Posted June 4, 2008
Book: Jerusalem: City of Longing
Author: Simon Goldhill
The Belknap Press of Harvard University Press. Boston, Massachusetts. Pp. 342
An Excerpt from the Jacket:
Jerusalem is the site of some of the most famous religious monuments in the world, from the Dome of the Rock to the Church of the Holy Sepulchre to the Western Wall of the Temple. Since the nineteenth century, the city has been a premier tourist destination, not least because of countless religious pilgrims from the three Abrahamic faiths.
But Jerusalem is more than a tourist site — it is a city where every square mile is layered with historical significance, religious intensity, and extraordinary stories. It is a city built by each ruling Empire in its own way: the Jews, the Romans, the Christians, the Muslims, and for the past sixty years, the modern Israelis. What makes Jerusalem so unique is the heady mix, in one place, of centuries of passion and scandal, kingdom-threatening wars and petty squabbles, architectural magnificence and bizarre relics, spiritual longing and political cruelty. It is a history marked by three great forces: religion, war, and monumentality.
In this book, Simon Goldhill takes on this peculiar archaeology of human imagination, hope, and disaster to provide a tour through the history of this most image-filled and ideology-laden city — from the bedrock of the Old City to the towering roofs of the Holy Sepulchre. Along the way, we discover through layers of buried and exposed memories – the long history, the forgotten stories, and the lesser-known aspects of contemporary politics that continue to make Jerusalem one of the most embattled cities in the world.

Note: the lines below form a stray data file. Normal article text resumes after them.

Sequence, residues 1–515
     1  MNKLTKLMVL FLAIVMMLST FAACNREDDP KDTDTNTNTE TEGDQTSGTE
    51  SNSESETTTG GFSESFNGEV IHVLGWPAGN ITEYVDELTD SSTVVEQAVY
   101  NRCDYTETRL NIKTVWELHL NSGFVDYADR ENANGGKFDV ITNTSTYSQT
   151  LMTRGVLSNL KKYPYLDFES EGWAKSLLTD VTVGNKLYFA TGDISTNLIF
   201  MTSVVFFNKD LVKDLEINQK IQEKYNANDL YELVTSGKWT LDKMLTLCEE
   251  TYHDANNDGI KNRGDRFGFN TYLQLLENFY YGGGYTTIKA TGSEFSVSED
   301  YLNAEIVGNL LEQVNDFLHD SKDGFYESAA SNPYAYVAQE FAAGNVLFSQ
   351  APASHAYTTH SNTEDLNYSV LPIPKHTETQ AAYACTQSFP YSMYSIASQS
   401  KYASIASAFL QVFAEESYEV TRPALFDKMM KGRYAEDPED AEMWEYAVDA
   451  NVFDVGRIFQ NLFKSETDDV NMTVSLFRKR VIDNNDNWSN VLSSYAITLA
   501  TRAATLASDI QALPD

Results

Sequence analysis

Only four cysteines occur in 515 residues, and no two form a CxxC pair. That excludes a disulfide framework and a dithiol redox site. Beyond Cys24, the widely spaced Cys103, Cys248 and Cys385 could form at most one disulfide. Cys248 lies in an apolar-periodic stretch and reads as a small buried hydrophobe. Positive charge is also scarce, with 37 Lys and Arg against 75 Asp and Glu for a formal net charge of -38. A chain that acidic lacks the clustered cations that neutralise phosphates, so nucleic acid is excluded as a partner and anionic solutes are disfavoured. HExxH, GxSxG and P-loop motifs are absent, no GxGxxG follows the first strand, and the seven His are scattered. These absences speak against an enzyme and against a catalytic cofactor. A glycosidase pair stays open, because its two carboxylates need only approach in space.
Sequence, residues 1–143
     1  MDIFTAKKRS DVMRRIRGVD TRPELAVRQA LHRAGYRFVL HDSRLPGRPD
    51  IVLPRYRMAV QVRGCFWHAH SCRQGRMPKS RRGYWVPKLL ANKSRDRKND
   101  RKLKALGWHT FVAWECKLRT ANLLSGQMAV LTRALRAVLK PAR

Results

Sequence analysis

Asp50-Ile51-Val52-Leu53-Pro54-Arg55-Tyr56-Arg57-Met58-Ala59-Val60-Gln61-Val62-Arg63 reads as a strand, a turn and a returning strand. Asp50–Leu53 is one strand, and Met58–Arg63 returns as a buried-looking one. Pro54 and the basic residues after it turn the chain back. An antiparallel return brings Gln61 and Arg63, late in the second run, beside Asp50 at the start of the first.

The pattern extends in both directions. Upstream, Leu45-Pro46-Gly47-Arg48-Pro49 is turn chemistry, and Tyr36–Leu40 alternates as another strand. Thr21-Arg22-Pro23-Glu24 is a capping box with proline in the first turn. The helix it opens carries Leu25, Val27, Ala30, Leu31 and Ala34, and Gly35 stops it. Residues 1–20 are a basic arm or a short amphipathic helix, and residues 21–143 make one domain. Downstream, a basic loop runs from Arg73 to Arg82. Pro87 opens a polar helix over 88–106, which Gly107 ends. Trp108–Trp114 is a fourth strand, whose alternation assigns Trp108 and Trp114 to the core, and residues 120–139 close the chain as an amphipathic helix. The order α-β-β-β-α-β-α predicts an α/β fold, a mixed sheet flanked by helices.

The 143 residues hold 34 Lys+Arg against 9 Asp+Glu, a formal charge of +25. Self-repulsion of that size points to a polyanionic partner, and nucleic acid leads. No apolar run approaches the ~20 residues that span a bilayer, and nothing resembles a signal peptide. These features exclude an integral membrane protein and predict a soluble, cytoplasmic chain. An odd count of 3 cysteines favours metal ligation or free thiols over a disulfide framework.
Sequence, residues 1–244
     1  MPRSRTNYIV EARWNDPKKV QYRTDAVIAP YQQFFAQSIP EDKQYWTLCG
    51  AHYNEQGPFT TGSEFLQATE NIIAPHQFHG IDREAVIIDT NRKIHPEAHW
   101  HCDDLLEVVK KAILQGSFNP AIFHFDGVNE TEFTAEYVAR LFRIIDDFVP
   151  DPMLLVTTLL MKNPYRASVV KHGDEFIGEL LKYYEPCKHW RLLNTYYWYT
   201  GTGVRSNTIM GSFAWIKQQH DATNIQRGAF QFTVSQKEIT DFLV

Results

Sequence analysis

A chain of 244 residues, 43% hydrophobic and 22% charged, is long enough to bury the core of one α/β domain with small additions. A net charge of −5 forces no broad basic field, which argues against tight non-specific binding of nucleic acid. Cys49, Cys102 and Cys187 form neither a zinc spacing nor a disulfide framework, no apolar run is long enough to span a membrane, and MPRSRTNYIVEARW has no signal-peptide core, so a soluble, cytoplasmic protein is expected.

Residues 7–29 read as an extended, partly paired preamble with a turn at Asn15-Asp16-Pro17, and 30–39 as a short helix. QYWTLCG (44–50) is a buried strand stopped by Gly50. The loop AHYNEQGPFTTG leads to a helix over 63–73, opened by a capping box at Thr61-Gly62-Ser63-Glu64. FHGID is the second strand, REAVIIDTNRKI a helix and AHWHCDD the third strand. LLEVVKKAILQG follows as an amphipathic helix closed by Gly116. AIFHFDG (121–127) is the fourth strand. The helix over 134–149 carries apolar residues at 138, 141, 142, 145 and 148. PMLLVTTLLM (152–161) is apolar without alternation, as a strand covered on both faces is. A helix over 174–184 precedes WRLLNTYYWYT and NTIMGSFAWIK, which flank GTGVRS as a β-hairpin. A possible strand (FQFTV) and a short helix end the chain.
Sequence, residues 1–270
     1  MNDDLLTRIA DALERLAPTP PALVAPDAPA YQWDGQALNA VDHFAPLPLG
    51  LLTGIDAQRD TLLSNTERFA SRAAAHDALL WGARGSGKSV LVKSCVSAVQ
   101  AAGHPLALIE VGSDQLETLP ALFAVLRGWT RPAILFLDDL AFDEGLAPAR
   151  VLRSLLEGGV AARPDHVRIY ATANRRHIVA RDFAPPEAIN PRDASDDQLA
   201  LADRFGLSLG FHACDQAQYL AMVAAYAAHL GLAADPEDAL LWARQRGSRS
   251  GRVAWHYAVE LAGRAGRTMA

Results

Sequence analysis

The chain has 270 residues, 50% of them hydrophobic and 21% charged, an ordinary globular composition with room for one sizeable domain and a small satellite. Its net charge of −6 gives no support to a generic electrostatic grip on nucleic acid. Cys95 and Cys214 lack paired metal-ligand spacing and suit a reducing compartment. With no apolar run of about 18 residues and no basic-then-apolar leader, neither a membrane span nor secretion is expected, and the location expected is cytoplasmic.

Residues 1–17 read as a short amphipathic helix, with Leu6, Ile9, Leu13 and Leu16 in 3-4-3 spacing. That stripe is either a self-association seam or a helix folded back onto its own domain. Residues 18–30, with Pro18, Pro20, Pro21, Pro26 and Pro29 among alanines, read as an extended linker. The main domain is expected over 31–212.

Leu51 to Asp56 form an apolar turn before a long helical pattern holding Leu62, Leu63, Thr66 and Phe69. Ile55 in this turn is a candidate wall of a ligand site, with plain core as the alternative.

An Excerpt from the Book:
The City of David: The Lure of the Stones
The City of David, a tiny town by any modern considerations, was built on a low ridge surrounded by the Kidron Valley to the east and the Tyropoeon to the west, with the Hinnom Valley further to the south and west. When Solomon built the Temple the city stretched further up the ridge onto Mount Moriah. The Gibon Spring produced enough water, just about, for the town’s immediate needs, expanded by the collection of rainwater in cisterns. Without the Gihon it would have been impossible to settle this part of the mountains, and the position of the earliest city on what was otherwise neither the most defensible nor the most pleasant ridge was determined by the water supply. By the eighth century B.C. at least King David’s city had expanded over to the western hill — hence that stretch of the eighth-century wall visible in the Old City. The western hill is still usually called Mount Zion because that is where it was assumed for many years the first city was built, though now everyone agrees that the first settlement was on the eastern hill: old names die hard. This easter hill is the space of the oldest city, the city of the First Temple, and its remains are now a fascinating and still changing archaeological park, the Ir David complex.
Table of Contents:
1. The center of the Christian world
2. The center of Jewish Jerusalem
3. The center of Muslim Jerusalem
4. The old city
5. The oldest city
6. The Victorian city
7. The modern city